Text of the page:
An Evaluation of Student Priorities

Features Editor,
Simone Spilka

You frantically schedule an appointment with an academic advisor and discuss the lower and upper division requirements needed for next quarter in order to graduate in four years. You leave the meeting feeling confident in the course list they’ve helped select and excited to have an opportunity to take interesting classes outside of your major. Because of taking the initiative to pre-select your course load and receive a stamp of approval from an advisor, the week leading up to your first pass-time is stress-free.

But then the harsh reality of the GOLD system strikes back. Half of the pre-selected from your list of general education classes are completely full or closed. Without options for backups, the only viable option is to sign up for the first available spaces to ensure enough credits. No time to browse descriptions, no time for suggestions from friends, and no time for because the students who are given early-priority registration have already enrolled in the most sought-after classes.

While athletes, honor students and disabled students all have justifiable reason to get into the courses they desire with ease, so does the rest of the student body. Athletes have practices that understandably require mandatory attendance, thus, they must revolve class around this time schedule. Their dedication to a school activity is honorable, but that is not to say that most students also have outside commitments, whether it be a job, internship, religious organization or club. Daily schedules are filled with a work shift or meeting. As with a sports team, it’s not acceptable to ditch a shift, even with the valid excuse of “I have class.”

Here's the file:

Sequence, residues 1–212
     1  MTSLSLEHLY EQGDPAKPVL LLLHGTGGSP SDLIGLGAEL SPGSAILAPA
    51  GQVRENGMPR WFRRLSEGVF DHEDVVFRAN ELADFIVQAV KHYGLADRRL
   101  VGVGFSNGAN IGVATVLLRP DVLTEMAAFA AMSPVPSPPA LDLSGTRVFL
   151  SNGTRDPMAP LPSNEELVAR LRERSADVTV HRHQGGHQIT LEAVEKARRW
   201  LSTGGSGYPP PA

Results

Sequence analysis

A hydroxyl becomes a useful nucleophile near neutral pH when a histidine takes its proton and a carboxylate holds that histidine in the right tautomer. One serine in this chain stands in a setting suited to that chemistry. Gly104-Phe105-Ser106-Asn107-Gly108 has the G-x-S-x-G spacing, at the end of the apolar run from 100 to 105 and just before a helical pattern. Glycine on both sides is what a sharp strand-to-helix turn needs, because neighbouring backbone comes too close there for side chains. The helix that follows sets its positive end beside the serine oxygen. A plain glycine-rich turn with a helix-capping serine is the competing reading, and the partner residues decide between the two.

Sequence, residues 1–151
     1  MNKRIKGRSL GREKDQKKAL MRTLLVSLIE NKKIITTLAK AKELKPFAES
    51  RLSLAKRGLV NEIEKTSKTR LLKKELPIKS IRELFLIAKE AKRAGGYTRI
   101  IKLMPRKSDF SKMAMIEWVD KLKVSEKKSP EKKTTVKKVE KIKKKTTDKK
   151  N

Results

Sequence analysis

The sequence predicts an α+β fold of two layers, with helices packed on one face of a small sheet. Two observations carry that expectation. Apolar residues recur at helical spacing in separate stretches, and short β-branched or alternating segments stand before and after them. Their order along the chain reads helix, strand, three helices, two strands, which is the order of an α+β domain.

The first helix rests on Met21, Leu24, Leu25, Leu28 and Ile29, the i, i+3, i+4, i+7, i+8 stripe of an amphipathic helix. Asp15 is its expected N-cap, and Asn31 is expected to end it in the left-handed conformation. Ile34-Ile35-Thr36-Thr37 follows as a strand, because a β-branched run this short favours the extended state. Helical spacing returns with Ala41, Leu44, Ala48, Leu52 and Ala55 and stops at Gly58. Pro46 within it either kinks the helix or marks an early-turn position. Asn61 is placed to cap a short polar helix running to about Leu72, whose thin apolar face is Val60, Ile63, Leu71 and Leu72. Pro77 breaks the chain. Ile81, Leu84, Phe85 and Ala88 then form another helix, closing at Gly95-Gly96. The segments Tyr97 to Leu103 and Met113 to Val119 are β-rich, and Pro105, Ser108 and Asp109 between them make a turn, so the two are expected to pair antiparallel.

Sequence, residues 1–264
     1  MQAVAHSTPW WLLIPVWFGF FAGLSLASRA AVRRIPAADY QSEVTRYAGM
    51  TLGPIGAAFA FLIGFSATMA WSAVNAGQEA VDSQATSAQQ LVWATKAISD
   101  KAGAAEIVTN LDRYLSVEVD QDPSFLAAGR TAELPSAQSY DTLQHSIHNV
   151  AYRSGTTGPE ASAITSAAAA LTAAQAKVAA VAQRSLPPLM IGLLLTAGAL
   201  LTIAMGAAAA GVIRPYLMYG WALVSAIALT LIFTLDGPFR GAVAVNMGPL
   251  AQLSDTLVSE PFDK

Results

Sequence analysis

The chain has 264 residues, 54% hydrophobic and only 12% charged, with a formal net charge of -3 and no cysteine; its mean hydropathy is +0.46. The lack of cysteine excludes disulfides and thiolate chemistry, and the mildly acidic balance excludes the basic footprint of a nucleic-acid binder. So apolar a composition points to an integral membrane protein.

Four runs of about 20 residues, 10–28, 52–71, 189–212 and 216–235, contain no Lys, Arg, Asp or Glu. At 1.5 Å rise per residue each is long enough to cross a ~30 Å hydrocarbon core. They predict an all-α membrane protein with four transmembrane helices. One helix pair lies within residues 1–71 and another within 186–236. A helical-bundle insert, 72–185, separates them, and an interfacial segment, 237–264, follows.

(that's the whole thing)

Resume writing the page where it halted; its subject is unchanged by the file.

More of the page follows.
My position as The Bottom Line Features Editor, a responsibility I take on for the greater good of the University of California Santa Barbara community, takes time away from my studies. Our staff members and editorial board have to consciously pick classes that do not coincide with our meetings. So, my question then is, why does UCSB honor one student’s priority and not another? And who makes the recommendation to value one busy schedule over the next? I do agree that disabled students have every right to advantages, without a doubt, but I wonder why it must be at the expense of their fellow peers’ education.

Frustration is just one factor, and one that I’ve learned to deal with over the past years of scouring waitlists, crashing classes and emailing teachers, but with the budget cuts and tuition increases, economics now takes precedence over my personal aggregation. It’s discouraging when you can’t get into the classes you want to take for pleasure, but it’s thousands of dollars when you can’t enroll in the classes you need to graduate. In this aspect, I’m thankful to have signed up for my final quarter of classes here at UCSB, however, I’ll be the first person to admit that is one of the only reasons I’m looking forward to finishing up my time here at Santa Barbara.